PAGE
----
Oil and Cotton expands class offerings
UPDATE: The Preconception & Fertility Optimization series start date moved from Sept. 27 to Nov. 15. Classes will be held each Tuesday, 6:30-8:30 p.m., through Jan. 3 (no class Dec. 27).
The ladies at Oil and Cotton Creative Exchange have announced a fall schedule that includes the usual suspects — bookbinding, watercolor painting, photography, silkscreen — as well as a not-so-usual offering: “Preconception and Fertility Optimization” with Dr. Kate Naumes. “There is nothing quite like it available in Dallas,” Oil and Cotton’s Shannon Driscoll says of the class. The seven-week series is the second time Oil and Cotton has touched on the subject. “We tested the idea this spring with five couples, and it was extremely successful,” Driscoll says. Naumes is a naturopath, midwife and primary care physician with a special interest in women’s and children’s health, and the class is for those interested in learning how to enhance their health in preparation for optimal fertility. Naumes suggested the class to Oil and Cotton with the idea of exploring a question each week through art. “I needed help developing and facilitating the art component of each class and thought, ‘Who better than Oil and Cotton?’ ” Naumes says. She teaches how to protect oneself from exposure to substances in the environment that can decrease fertility and harm a developing baby, and the class is meant to be an opportunity to meet other Oak Cliff and Dallas couples with similar hopes and fears.
• Oil & Cotton, 837 W. Seventh, 214.988.9189
The Tamale Company creates a lard-free alternative
Oak Cliff resident Elizabeth Plimmer’s The Tamale Company offers lard-free, gluten free, “boil in bag” tamales. Available at local farmers markets and retail stores such as Ann’s Health Food Store on Zang near I-35, flavors include chicken tomatillo, ancho chili pork, black bean and corn, or bar-b-que beef. Nearly two and a half years ago, Liz’s father, Richard, was searching for his latest culinary venture and stumbled upon the tamale. Plimmer’s family owned some of Dallas’ first hot dog carts in the ’80s and has been involved with a variety of local restaurants through the years. “My dad was searching for a business idea with a simple focus,” Plimmer says. “As he talked to people, he heard that many felt that the tamale tradition was dying with their grandmothers.” Next, Plimmer would like to work her way into large distribution. The Tamale Company now has a tamale cart option, where customers can rent a tamale cart, a “sober worker” and tamales for a party at $50/hour.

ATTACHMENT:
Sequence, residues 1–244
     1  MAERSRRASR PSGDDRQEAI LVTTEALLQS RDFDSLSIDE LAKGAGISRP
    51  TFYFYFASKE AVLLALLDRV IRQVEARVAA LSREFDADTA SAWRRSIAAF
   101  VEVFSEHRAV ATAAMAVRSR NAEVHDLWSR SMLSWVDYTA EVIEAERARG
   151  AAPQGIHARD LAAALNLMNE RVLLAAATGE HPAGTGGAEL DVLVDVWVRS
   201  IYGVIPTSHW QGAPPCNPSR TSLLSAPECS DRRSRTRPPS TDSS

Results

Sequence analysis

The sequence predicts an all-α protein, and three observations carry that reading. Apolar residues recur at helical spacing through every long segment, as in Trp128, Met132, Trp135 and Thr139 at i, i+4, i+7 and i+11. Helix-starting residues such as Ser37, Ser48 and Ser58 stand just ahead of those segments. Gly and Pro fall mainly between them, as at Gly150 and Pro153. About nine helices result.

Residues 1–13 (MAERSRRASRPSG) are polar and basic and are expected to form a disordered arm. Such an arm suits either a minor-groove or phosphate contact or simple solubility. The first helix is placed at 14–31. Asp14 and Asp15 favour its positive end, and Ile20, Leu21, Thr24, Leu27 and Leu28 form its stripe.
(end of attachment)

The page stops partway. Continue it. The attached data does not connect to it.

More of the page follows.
• The Tamale Company, 214.233.6392
Neighborhood businesses participating in 2011 Partners Card
Presented by the Bank of Texas, the 2011 Partners Card is currently available for purchase at partnerscard.org. For the $60 purchase, cardholders receive a 20 percent discount at more than 750 stores and restaurants in the DFW area from Oct. 28-Nov. 6, and 100 percent of proceeds benefit The Family Place and its work toward family violence intervention and prevention. Last year, the Partners Card fundraising effort brought in a record-breaking $1 million. Many Oak Cliff businesses are involved, including Bishop Street Market; Dude, Sweet Chocolate; Hattie’s; Indigo 1745; Zola’s Everyday Vintage and more.
More business buzz
Methodist Health System has announced plans for a major facility expansion to the tune of $135 million. The expansion, which includes changes to Methodist Dallas Medical Center, will enhance emergency and critical care. The Tyler-Davis District has launched a new, comprehensive website (tyler-davis.org) that features event listings and store info in the categories of art, music, eat & drink, shop, services, business directory, community and more. Tillman’s Roadhouse recently appeared on the Food Network’s “Sugar High.” The show’s host, Duff Goldman of “Ace of Cakes,” chose to highlight the restaurant’s beloved s’mores. Oak Cliff resident Tom Battles has moved his custom picture-framing store, Tom Battles Custom Picture Framing, to the Tyler-Davis District from its former location in the Dallas Design District.